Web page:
Thawing permafrost and collapsing methane hydrates, a.k.a the “sleeping giants” of the global carbon cycle, in the Siberian Arctic coastal regions can trigger the release of climate-warming gases. This autumn, twelve researchers from the Department of Environmental Science will join Swedish-Russian expedition ISSS-2020 onboard the Russian vessel Akademik Keldysh to look for answers to some of the most pressing questions in climate research to date.
One of the greatest uncertainties surrounding climate warming is how the emission of naturally accurring greenhouse gases, such as methane, carbon dioxide and nitrous oxide (N2O), from Arctic thawing permafrost and collapsing methane hydrates – crystals made of methane gas molecules “caged” between solid water molecules – in the seabed north of Siberia will increase in the future.
” Climate warming is awakening the “sleeping giants” of the carbon cycle, namely permafrost and methane hydrates. How much this will lead to added emissions of the strong greenhouse gas methane is poorly understood. This is one of the grand challenges in current climate change research and a central goal of the expedition to address,” says Örjan Gustafsson, Professor at the Department of Environmental Science and leader of ISSS-2020 expedition.
Nitrous oxide (N2O) is another strong greenhouse gas whose effects on climate have not been adequately studied in the Arctic. Scientists now suspect that N2O, like methane, is being released from thawing permafrost. Birgit Wild is Assistant Professor at the Department of Environmental Science and leader of the work group that will study N2O during ISSS-2020.
“Increased greenhouse gas emissions from permafrost and methane hydrates reduce the amount of greenhouse gases that can be allowed to be emitted from our society if we are to meet the climate targets that are set to avoid large-scale climate impacts,” says Wild.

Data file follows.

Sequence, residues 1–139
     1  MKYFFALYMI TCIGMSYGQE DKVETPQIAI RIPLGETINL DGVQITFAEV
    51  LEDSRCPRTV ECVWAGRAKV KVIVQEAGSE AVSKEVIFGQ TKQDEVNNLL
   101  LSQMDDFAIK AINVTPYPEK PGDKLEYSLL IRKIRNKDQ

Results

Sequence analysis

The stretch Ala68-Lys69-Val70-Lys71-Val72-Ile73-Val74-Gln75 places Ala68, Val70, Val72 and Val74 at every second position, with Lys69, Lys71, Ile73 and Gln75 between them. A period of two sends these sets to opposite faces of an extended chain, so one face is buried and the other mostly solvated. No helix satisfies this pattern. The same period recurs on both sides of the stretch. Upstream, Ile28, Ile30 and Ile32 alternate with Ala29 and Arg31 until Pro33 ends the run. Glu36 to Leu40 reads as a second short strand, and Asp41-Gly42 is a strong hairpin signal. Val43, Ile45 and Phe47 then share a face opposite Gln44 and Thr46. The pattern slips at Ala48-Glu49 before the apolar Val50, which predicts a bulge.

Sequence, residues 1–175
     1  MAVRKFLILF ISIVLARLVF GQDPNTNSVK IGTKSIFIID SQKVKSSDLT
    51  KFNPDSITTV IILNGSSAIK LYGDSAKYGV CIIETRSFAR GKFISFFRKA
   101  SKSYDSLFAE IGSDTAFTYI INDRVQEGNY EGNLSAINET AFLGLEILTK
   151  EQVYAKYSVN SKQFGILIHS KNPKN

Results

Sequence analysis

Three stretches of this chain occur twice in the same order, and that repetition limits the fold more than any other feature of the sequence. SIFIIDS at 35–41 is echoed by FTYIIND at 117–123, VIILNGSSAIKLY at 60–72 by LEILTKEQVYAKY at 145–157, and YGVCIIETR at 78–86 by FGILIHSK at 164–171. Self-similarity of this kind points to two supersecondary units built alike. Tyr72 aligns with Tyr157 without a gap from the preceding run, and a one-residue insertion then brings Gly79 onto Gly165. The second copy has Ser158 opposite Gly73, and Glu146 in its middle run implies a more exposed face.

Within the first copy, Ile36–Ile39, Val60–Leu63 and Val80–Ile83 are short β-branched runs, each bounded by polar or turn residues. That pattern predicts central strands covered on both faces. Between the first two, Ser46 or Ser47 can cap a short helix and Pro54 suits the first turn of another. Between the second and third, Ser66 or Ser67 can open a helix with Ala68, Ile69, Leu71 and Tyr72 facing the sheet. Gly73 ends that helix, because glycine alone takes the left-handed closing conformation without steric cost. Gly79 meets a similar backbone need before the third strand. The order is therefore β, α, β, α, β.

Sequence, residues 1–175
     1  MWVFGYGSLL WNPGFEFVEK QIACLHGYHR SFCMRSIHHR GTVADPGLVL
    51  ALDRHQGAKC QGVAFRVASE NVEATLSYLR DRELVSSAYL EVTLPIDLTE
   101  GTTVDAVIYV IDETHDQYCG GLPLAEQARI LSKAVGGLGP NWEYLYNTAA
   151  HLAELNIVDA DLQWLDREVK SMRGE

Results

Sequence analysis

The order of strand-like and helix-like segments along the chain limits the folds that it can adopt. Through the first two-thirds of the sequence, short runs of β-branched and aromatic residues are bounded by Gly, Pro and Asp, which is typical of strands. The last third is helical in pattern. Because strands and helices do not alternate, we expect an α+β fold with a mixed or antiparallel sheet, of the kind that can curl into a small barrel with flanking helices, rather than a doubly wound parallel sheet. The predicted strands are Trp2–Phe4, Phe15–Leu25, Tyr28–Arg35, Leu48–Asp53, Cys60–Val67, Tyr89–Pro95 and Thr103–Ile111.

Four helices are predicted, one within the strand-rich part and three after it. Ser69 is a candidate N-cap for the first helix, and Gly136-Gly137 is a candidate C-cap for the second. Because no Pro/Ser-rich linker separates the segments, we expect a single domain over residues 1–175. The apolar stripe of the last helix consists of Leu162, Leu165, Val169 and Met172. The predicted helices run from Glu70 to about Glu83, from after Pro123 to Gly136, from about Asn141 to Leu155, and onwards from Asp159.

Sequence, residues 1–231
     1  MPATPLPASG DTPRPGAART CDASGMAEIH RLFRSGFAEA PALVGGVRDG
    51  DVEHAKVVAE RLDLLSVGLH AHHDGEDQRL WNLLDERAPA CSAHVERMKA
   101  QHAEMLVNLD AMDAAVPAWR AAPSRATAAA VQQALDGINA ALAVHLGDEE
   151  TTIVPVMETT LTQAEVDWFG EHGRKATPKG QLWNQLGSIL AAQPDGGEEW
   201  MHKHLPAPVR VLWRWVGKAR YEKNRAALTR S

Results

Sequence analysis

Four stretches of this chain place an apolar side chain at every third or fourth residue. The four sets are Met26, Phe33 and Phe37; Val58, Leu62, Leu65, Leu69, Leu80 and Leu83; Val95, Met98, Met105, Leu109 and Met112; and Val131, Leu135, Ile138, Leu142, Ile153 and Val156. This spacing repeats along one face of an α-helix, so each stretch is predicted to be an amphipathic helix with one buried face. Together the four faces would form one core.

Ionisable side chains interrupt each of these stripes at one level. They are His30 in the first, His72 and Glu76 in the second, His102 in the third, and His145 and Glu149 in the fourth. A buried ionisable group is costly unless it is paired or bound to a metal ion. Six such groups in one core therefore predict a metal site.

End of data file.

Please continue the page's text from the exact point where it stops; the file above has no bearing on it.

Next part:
About the International Siberian Shelf Study (ISSS) and ISSS-2020 expedition
Over the past 15 years, Russian and Swedish scientists have worked closely together to understand the processes that govern climate change in the Arctic within the framework of The International Siberian Shelf Study (ISSS). As a result of this collaboration, several expeditions in the Arctic have taken place during this period, on both Russian and Swedish research vessels.
This autumn, the Russian vessel Akademik Keldysh will set sail from Archangelsk in northwestern Russia on 26 September 2020 carrying the ISSS-2020 team from Stockholm University and colleagues for a six-week research cruise along the East Siberian Arctic Ocean.
ISSS-2020 is made up of ten research programmes with the common goal of better understanding how large and hard-to-reach Arctic systems are structured and how they function so that scientists can make evidence-based predictions about how greenhouse gas emissions from these regions will increase in the coming decades. The research vessel r/v Akademik Keldysh is run by the Shirshov Institute of Oceanology (Russian Academy of Sciences). The ship is among other things known for being used in the underwater scenes of James Cameron’s 1997 film Titanic.
Twelve participants from Stockholm University (Department of Environmental Science)
Information about the expedition, including blog posts and videos from the ship: https://www.aces.su.se/research/projects/the-isss-2020-arctic-ocean-expedition
FOLLOW THE ISSS-2020 EXPEDITION ON SOCIAL MEDIA:
- Twitter and Facebook handle: @ISSSarctic2020
- Instagram @arcticexpedition.isss2020
- Facebook address: https://www.facebook.com/ISSSarctic2020
CONTACTS (STOCKHOLM UNIVERSITY)
- Team expedition leader: Örjan Gustafsson Orjan.Gustafsson@aces.su.se, Tel: +46-70-3247317
- Deputy expedition leader: Birgit Wild Birgit.Wild@aces.su.se; Tel: +46-76-5610002
- Onshore contact during expedition period: Henry Holmstrand; Henry.Holmstrand@aces.su.se; +4673 6961037